Hdl Handle:
http://hdl.handle.net/10545/285259
Title:
Gardens and gardening
Authors:
Crouch, David
Abstract:
The garden has been an informing metaphor for geographical thought for sometime and as an affective material object and gardening as a process in the figuring and refiguring of space. It has represented an ideal environment and culture, a rather pre-cultural, pre-human state in a number of world religions, and continues to reappear in contemporary geographical discussions of the sacred. These leitmotifs of human geography are significantly theorized through ideology, discourse, and power, where ‘the garden’ becomes iconic. Signifying identity as well as status, cultural capital and social difference, as well as social/cultural relations, the garden and ways of gardening emerge as expression. A more complex conceptualization of the garden and gardening emerge in debates concerning consumption, commodification, and identity. In recent decades, the garden as artifact has been increasingly transformed to gardening as practice and as significant in developing critical conceptual approaches to a range of ‘new’ cultural geographies. These shifts and developments accompany the increasing geographical interest in process, practice, and performance. The ‘nature’ dimensions relating to, and perhaps informed by, gardens and gardening emerge in new ways in terms of the conceptualizations of nature where significance and meaning may emerge through practice, and in relation to the nonhuman; and debates concerning the ethical and moral in human geography, including shifting symbolism of the garden and of gardening in relation to war and peace. These developments in human geographies have been enmeshed with wider humanities and social science thinking and beyond these, from art theory and social anthropology to environmental debate.
Affiliation:
University of Derby
Publisher:
Elsevier
Issue Date:
2009
URI:
http://hdl.handle.net/10545/285259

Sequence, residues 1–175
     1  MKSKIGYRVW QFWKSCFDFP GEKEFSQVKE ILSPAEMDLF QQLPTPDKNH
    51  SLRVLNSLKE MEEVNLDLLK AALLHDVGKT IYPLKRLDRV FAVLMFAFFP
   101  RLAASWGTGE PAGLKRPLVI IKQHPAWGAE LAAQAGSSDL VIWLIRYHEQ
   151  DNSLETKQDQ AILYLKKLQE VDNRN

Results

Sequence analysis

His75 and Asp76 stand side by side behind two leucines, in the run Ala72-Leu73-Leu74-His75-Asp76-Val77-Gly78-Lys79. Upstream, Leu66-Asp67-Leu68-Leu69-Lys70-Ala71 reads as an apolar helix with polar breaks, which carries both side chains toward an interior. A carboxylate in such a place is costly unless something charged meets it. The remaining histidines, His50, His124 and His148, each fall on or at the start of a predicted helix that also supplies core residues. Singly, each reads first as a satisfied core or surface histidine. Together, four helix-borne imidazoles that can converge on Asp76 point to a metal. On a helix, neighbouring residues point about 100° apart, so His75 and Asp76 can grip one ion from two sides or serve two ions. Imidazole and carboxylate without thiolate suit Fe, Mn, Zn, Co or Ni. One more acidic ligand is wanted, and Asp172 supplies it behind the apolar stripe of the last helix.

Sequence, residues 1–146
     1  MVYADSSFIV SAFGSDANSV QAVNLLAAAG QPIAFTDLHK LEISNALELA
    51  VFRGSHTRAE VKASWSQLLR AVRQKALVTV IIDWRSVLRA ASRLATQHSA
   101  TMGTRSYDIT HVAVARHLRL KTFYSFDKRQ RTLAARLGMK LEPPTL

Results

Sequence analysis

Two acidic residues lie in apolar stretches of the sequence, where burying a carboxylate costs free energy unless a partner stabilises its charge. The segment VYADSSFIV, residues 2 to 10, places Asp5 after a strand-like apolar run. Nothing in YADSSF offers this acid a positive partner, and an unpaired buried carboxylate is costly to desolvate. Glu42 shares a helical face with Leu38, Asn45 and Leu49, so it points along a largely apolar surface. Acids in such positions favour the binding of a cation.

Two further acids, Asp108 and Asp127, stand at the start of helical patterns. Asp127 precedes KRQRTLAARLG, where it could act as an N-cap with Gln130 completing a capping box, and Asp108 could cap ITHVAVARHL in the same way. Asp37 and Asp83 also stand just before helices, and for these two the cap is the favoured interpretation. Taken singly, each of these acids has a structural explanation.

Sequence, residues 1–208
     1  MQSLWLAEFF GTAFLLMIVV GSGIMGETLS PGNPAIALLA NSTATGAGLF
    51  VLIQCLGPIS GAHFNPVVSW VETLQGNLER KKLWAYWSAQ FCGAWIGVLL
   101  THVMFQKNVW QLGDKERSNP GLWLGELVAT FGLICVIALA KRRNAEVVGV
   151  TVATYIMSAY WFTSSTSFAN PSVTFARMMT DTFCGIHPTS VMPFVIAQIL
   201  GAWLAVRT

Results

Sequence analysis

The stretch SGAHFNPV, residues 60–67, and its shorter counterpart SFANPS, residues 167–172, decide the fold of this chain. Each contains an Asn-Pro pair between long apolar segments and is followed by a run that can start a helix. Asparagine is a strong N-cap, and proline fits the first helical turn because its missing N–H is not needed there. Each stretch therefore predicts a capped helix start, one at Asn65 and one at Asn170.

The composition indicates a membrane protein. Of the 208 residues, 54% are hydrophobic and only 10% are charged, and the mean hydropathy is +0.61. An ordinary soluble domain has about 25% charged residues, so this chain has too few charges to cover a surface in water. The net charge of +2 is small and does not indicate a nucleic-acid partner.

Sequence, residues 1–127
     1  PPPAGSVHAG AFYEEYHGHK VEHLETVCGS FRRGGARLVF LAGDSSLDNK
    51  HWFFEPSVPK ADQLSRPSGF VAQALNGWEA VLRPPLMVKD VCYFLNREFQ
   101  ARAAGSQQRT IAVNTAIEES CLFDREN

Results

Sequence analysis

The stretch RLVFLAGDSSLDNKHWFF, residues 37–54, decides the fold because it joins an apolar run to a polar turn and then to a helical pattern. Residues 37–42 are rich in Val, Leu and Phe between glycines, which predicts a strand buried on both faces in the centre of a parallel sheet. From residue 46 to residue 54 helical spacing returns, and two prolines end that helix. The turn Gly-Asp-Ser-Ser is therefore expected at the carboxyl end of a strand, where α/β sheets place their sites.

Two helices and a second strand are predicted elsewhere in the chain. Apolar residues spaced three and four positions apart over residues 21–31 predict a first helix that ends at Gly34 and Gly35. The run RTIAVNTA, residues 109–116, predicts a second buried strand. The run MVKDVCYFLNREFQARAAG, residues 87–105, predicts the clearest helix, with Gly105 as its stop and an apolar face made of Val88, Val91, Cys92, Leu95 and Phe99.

Type:
Book chapter
Language:
en
Description:
Essay in Kitchin R, Thrift N (eds) International Encyclopedia of Human Geography, Volume 4, pp. 289–293.
ISBN:
978-0-08-044911-1
Appears in Collections:
Identity, Conflict & Representation Research Centre; Department of Humanities

Full metadata record

DC FieldValue Language
dc.contributor.authorCrouch, Daviden
dc.date.accessioned2013-04-26T14:55:19Z-
dc.date.available2013-04-26T14:55:19Z-
dc.date.issued2009-
dc.identifier.isbn978-0-08-044911-1-
dc.identifier.urihttp://hdl.handle.net/10545/285259-
dc.descriptionEssay in Kitchin R, Thrift N (eds) International Encyclopedia of Human Geography, Volume 4, pp. 289–293.en
dc.description.abstractThe garden has been an informing metaphor for geographical thought for sometime and as an affective material object and gardening as a process in the figuring and refiguring of space. It has represented an ideal environment and culture, a rather pre-cultural, pre-human state in a number of world religions, and continues to reappear in contemporary geographical discussions of the sacred. These leitmotifs of human geography are significantly theorized through ideology, discourse, and power, where ‘the garden’ becomes iconic. Signifying identity as well as status, cultural capital and social difference, as well as social/cultural relations, the garden and ways of gardening emerge as expression. A more complex conceptualization of the garden and gardening emerge in debates concerning consumption, commodification, and identity. In recent decades, the garden as artifact has been increasingly transformed to gardening as practice and as significant in developing critical conceptual approaches to a range of ‘new’ cultural geographies. These shifts and developments accompany the increasing geographical interest in process, practice, and performance. The ‘nature’ dimensions relating to, and perhaps informed by, gardens and gardening emerge in new ways in terms of the conceptualizations of nature where significance and meaning may emerge through practice, and in relation to the nonhuman; and debates concerning the ethical and moral in human geography, including shifting symbolism of the garden and of gardening in relation to war and peace. These developments in human geographies have been enmeshed with wider humanities and social science thinking and beyond these, from art theory and social anthropology to environmental debate.en
dc.language.isoenen
dc.publisherElsevieren
dc.subjectIdeaologyen
dc.subjectDiscourseen
dc.subjectPoweren
dc.subjectIconographyen
dc.subjectPerformanceen
dc.subjectSacreden
dc.subjectMaterialityen
dc.subjectIdentityen
dc.subjectConsumptionen
dc.subjectEmbodimenten
dc.subjectNatureen
dc.titleGardens and gardeningen
dc.typeBook chapteren
dc.contributor.departmentUniversity of Derbyen
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